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Comparative Study

| Published: March 25, 2016

Moderating Roles of Hardiness and Self-Efficacy in the Relationship between Flow and Academic Procrastination on Academic Performance: A Structural Equation Model Approach

M. Vinothkumar ,

Assistant Professor, Department of Psychology, St. Agnes Centre For Post-Graduation & Research, Mangalore Google Scholar More about the auther

Kousalya ,

M.sc Students, Department of Psychology, St. Agnes Centre For Post-Graduation & Research, Mangalore Google Scholar More about the auther

Vindya. V. Rai

M.sc Students, Department of Psychology, St. Agnes Centre For Post-Graduation & Research, Mangalore Google Scholar More about the auther

DIP: 18.01.044/20160302

DOI: 10.25215/0302.044

ABSTRACT

Academic procrastination is common among students and is due to various reasons. One of the reasons can be difficulty level of the task. To involve in the task and experience a deep sense of enjoyment, there should be balance between students’ skills and task challenges which is a characteristic of flow. The present study aimed to find out the moderating role of Hardiness and Self-efficacy in the relationship between Flow and Academic Procrastination on Academic Performance. For that 170 undergraduate students were taken from different streams using stratified random sampling method. Procrastination Scale, Dispositional Flow Scale, Hardiness Scale and Self-efficacy scales were used to measure the proposed variable in the model. Results showed a significant negative relation between academic performance and procrastination and a positive relation between Academic Performance, flow, and Self-efficacy. However, there seems no significant relationship between academic performance and hardiness. Structural equation modeling results reveal that procrastination has a significant direct effect on performance and that self-efficacy plays a moderating role in the relationship between flow and procrastination on academic performance, whereas hardiness is non-significant. Hence, it can be concluded from the SEM analysis result that model can be partially accepted. The implications of the study suggest designing the syllabus to match the abilities of all the students, training to elude procrastination and to increase a student’s level of self-efficacy.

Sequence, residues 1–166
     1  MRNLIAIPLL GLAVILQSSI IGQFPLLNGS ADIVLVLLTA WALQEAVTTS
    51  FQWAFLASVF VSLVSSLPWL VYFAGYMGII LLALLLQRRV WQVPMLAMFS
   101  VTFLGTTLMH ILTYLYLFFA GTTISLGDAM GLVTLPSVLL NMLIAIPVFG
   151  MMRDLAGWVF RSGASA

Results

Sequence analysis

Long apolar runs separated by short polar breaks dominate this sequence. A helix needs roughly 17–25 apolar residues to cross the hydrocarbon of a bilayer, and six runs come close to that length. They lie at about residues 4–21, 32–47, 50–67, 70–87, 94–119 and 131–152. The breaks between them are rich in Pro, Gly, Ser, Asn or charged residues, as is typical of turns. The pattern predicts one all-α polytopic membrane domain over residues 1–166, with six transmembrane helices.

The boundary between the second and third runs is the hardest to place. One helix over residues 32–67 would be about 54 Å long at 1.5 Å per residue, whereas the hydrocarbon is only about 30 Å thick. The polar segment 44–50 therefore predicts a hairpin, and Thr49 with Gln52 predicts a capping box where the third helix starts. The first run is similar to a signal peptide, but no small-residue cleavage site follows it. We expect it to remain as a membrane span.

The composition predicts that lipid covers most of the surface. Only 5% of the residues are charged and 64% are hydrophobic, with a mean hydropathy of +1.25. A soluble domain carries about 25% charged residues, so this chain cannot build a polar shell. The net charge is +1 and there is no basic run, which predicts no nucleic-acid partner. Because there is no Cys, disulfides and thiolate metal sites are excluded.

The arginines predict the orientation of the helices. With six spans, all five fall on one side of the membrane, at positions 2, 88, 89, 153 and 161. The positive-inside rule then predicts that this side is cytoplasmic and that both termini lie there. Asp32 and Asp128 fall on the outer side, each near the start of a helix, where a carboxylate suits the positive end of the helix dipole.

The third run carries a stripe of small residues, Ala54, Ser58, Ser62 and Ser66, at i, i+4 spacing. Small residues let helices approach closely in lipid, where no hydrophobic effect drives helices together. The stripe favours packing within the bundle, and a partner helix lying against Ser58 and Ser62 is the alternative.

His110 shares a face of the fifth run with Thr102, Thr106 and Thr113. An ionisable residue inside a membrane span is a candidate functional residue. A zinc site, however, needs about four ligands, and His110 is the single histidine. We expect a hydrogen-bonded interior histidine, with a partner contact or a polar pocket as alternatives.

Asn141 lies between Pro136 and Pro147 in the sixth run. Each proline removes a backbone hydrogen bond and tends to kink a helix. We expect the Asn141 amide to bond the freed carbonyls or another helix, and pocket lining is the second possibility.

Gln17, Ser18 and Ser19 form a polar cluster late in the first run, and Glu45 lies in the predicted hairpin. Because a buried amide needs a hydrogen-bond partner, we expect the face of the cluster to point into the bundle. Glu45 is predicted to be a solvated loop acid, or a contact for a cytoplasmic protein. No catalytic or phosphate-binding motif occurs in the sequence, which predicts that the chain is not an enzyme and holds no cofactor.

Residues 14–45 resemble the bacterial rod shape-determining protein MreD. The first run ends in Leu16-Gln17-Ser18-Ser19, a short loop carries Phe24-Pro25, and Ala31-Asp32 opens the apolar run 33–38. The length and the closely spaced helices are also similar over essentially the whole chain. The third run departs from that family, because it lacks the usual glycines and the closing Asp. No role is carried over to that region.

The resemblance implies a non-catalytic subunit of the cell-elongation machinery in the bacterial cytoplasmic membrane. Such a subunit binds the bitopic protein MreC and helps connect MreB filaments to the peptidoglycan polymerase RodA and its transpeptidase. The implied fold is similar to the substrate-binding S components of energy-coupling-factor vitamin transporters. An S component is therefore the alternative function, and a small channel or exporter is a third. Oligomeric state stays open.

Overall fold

Responding Author Information

M. Vinothkumar @ vinoth1330@gmail.com

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ISSN 2348-5396

ISSN 2349-3429

DIP: 18.01.044/20160302

DOI: 10.25215/0302.044

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Published in   Volume 03, Issue 2, January-March, 2016

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